UC Santa Cruz’s second chancellor, Mark N. Christensen, served the campus from July 1974 to January 1976. Christensen arrived at UCSC during a tumultuous point in the campus’s history. Founding Chancellor Dean McHenry had brought to fruition his singular vision for UC Santa Cruz as an innovative institution of higher education which emphasized undergraduate teaching centered in residential colleges, each with a specific intellectual theme and architectural design. McHenry oversaw the planning and building of UCSC from 1961 until his retirement in June 1974. In the early years, UCSC drew high caliber students and earned a reputation as a prestigious and unique university. But by the mid-1970s, enrollments were falling. Internally, the campus was fracturing along fault lines between the colleges and the boards of studies (now called departments), as UCSC experienced the political and economic pressures of trying to establish a decentralized, innovative campus within the traditional University of California.
Christensen’s tenure as chancellor rather tragically ended in controversy after only eighteen months. Although most of the faculty liked Christensen as a person, they lost confidence in his ability to govern the campus. The Regional History Project never conducted an oral history with Mark Christensen, and he passed away in 2003. But in 1980, former director Randall Jarrell interviewed Christensen’s special assistant, Daniel McFadden, about the Christensen era. McFadden’s oral history is a perceptive and balanced reflection on the political climate of UCSC in 1976, just as what McFadden characterizes as a “Bicentennial Rebellion” was taking place.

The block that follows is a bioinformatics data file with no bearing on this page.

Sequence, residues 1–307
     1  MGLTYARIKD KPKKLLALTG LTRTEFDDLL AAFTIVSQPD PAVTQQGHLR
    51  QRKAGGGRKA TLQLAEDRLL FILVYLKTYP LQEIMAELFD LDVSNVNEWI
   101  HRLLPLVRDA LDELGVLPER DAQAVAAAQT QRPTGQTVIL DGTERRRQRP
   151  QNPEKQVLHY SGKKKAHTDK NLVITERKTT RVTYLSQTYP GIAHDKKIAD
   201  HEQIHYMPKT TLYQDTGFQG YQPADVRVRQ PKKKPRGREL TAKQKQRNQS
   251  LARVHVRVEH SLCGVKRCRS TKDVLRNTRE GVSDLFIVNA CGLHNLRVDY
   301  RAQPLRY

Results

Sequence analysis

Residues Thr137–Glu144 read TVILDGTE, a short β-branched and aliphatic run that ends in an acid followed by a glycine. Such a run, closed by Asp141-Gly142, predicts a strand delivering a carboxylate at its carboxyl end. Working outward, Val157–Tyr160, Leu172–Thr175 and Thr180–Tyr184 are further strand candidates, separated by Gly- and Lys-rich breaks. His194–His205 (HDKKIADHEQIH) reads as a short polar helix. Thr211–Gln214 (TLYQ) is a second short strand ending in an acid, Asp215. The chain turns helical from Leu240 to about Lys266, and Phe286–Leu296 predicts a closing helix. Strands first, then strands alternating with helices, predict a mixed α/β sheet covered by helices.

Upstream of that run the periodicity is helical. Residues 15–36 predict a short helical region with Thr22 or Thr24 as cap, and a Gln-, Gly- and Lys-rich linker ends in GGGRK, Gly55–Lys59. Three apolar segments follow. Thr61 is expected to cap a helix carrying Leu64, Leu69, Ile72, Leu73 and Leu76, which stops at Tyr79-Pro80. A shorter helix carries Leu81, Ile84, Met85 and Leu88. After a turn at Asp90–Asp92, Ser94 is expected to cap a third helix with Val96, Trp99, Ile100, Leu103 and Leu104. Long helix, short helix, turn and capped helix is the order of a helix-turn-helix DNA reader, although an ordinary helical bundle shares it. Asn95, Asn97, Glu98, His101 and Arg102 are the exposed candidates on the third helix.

The Regional History Project published this transcript in 2012, nearly forty years after the interview was recorded (on May 20, 1976), because McFadden was only able to turn his attention to editing and approving the transcript after his retirement. Dan McFadden holds a BA and MA in intellectual history and a Ph.D. in public policy from the University of Pittsburgh. Before coming to UCSC, McFadden served as assistant chancellor for public affairs at the University of Pittsburgh. After leaving UCSC, McFadden held a variety of administrative positions, including deputy city manager for the city of San Jose, California.
PLEASE NOTE: These interviews are provided for research purposes only. All uses of these manuscripts are covered by copyright agreement between the interviewees and the Regents of the University of California. All the literary rights in these manuscripts, including the right to publish, are reserved to the University of California, Santa Cruz. No part of these manuscripts may be quoted for publication without the permission of the University Librarian of the University of California, Santa Cruz.
Print Version Call Number
LD781.S517 M24 2012
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